Researching and writing this has certainly been an emotional and challenging process, which has impacted on other areas of my life; an example of this being that I have spoken to the head of English in the SEND school I work at and asked her to consider the appropriateness of books with illustrations of villains who have stereotypically Jewish features, such as Roald Dahl books, within the school, given the understanding capabilities of many of the students(, which I am pleased to say was received very warmly). With regards to Schrodinger’s identity and my desire to empower myself so as to not be dependent upon other individuals, particularly racist individuals, opinions, I feel to state that I am a mixed race Jew and that I am not white; a Jew who survives with a world of experience that includes anti-Semitism. With regards to my being a counsellor in training, I feel a strong desire to help individuals find self-empowerment, whatever their identity, and hope to eventually be able to do this.
Some areas that I would have liked to have considered further include the potential for working with clients who hold anti-Semitic beliefs, as well as Jewish counsellors working with Jewish clients with different worlds of experience of being Jewish. If I had a larger world count available and more time to consider this, I would have liked to have gone into these in more detail. I am referencing them here to reflect that they are part of my awareness and matters that I’d like to consider at other opportunities within my counselling journey.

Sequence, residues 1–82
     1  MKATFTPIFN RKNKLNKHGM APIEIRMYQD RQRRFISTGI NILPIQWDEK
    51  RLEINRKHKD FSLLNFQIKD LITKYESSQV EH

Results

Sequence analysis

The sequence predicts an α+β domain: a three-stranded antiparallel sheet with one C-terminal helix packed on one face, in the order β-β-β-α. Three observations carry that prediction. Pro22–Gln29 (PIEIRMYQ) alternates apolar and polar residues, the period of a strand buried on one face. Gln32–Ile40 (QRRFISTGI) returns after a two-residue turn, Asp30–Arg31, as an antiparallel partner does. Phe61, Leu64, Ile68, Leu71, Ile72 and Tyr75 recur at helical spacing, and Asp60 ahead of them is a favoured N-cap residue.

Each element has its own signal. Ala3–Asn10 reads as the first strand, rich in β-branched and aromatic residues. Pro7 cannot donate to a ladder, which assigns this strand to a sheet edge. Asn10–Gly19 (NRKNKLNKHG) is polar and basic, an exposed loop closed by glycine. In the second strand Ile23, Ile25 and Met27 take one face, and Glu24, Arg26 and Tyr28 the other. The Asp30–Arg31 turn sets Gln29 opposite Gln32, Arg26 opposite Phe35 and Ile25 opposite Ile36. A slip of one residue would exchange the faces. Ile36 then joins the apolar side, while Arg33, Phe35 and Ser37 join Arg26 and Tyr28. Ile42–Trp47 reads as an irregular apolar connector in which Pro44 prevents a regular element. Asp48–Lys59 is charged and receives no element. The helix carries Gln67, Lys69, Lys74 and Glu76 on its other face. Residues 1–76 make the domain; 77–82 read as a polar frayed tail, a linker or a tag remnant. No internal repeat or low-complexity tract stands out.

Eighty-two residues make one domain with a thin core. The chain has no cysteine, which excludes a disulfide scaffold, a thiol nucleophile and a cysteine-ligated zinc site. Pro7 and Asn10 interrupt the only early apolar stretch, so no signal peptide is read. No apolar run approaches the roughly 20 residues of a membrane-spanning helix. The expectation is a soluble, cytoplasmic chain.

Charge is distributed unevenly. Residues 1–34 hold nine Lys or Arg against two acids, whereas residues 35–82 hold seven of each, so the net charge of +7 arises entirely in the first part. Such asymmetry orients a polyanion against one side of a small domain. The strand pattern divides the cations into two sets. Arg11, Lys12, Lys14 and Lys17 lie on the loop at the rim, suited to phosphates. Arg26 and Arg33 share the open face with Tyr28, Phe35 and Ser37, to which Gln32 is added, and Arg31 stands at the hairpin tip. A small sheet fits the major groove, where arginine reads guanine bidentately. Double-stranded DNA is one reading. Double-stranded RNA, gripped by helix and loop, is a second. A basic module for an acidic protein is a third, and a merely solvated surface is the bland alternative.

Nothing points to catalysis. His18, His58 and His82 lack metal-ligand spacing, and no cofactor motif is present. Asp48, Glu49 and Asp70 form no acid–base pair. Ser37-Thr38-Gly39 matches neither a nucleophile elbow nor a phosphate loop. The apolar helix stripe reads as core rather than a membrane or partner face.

Baddiel, D. (2021) Jews Don’t Count, London, Times Literary Suppliement
British Association of Counsellors and Psychotherapists (2018) Ethical Framework for the Counselling Professions. Available at: https://www.bacp.co.uk/media/3103/bacp-ethical-framework-for-the-counselling-professions-2018.pdf [Accessed 6/2/22].
British Association of Counsellors and Psychotherapists (2021) Race, religion and belief within the counselling professions. Available at: https://www.bacp.co.uk/media/12498/bacp-race-religion-and-belief-crfp-gpia101-jul21.pdf [Accessed 6/2/22]
Clarkson, P. (2001) On Psychotherapy 2: Including the 7-Level Model, Hoboken, John Wiley & Sons
Clarkson, P. (2003) The Therapeutic Relationship, London, Whurr Publishers Limited